It was an engineering challenge big enough to excite any man.
A challenge that turned into quite an afternoon!
It started the other evening when our dock was sitting patiently on the side of the pond waiting to be installed for the season. A storm hit bringing torrential rainfall. The rain came so hard and fast that the overflow couldn’t handle it fast enough and the pond level rose quickly.
The next morning we found our heavy wooden homemade dock on the other side of the pond, completely turned around and sitting with one end on shore as if placed there.
That must have been some rain and some wind!
The dilemma was how to move this extremely heavy dock from the overgrown and inaccessible side of the pond where it was currently resting to the other accessible and mowed side.
It couldn’t be carried – it was too heavy.
It couldn’t be transported on a trailer – the tractor and trailer would never get to it.
Our only solution – float it.
No worries – my engineering husband and sons had a plan and an entire Saturday afternoon to try them out.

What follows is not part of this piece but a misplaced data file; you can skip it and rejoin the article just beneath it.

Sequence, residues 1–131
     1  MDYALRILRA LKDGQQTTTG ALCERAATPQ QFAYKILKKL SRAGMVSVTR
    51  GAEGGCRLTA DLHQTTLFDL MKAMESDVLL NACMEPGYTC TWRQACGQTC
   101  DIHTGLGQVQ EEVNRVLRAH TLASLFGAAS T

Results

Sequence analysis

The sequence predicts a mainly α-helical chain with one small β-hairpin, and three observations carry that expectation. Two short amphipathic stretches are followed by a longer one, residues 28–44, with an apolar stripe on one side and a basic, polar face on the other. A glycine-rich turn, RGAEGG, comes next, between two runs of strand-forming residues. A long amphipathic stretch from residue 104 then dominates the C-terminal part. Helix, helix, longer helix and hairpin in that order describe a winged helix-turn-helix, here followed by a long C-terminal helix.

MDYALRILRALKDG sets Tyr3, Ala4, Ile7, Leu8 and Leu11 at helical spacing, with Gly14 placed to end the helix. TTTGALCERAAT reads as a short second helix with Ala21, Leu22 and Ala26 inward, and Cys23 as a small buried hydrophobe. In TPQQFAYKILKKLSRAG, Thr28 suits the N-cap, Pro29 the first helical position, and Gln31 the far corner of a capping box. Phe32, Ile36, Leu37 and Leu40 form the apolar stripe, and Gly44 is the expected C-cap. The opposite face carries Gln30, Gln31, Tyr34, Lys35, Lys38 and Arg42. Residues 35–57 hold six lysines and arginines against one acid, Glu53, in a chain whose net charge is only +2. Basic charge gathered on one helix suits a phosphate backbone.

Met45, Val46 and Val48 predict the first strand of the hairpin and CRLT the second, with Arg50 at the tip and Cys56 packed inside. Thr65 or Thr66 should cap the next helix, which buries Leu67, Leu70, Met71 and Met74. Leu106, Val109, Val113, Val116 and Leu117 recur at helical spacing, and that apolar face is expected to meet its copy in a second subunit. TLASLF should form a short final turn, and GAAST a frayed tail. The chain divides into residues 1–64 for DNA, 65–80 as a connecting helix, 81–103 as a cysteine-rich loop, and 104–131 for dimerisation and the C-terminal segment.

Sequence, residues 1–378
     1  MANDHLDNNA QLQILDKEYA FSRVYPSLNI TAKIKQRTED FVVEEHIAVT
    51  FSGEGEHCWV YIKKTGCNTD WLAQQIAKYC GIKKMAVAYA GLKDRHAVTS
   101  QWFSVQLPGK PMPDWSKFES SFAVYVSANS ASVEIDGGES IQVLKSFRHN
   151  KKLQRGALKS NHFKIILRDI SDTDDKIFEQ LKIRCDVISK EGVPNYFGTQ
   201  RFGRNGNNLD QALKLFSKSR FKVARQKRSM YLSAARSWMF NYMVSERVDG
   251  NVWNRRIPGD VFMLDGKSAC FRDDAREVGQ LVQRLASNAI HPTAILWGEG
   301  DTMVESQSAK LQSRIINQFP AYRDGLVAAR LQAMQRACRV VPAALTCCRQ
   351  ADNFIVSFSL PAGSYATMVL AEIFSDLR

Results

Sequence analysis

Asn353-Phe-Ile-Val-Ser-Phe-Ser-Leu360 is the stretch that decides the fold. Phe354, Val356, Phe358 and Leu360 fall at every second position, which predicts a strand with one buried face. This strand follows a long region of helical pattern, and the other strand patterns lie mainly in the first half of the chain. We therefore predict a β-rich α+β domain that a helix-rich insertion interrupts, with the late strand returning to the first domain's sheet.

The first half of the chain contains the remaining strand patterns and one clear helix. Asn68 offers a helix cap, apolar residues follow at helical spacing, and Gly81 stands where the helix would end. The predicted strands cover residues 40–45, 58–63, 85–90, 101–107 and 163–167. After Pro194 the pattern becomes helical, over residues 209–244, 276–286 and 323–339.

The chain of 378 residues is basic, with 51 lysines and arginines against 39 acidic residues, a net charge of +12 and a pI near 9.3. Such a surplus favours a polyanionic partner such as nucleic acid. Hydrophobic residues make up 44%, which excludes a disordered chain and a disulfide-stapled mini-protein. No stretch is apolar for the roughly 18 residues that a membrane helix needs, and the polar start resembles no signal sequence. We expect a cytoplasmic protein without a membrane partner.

By the time the girls and I got there, all three of them had sheepish grins on their faces.
I discovered that they had somehow gotten the 4 wheeler through the underbrush and fallen limbs to the other side of the pond (the overgrown inaccessible side) – where no 4 wheeler had ever gone before.
Then the 4 wheeler had promptly died and would not start again.
What function the 4 wheeler had in floating the dock – I don’t know and I didn’t want to ask!
But they had managed to get the dock floated across – tied to the paddle boat with Dad laying on the dock to stabilize it while the 2 boys paddled. (Somebody was thinking ahead…)
So now they had the dock on the right side – but just floating in the pond with a rope tied to a tree to keep it there – and the 4 wheeler stuck on the other side.
Now how to get that heavy dock pulled in to shore and one end pulled up on shore – without getting their feet wet or hurting themselves.
Their answer – another machine! This time they used a tractor and a wench to pull the dock. I will admit to closing my eyes for this one.
They had the tractor facing backwards on a steep, muddy hillside just a little way from the swollen pond. It looked like an accident waiting to happen – and my boys were grinning from ear-to-ear!
Thankfully the dock was pulled to shore and secured temporarily.
Nobody was hurt.
Nobody got wet (well except for some damp socks).
The dock is back on the right side.
The 4 wheeler started again – after another paddle boat ride across the pond and some tinkering.
And I have 3 pretty pleased guys.
All’s well that ends well.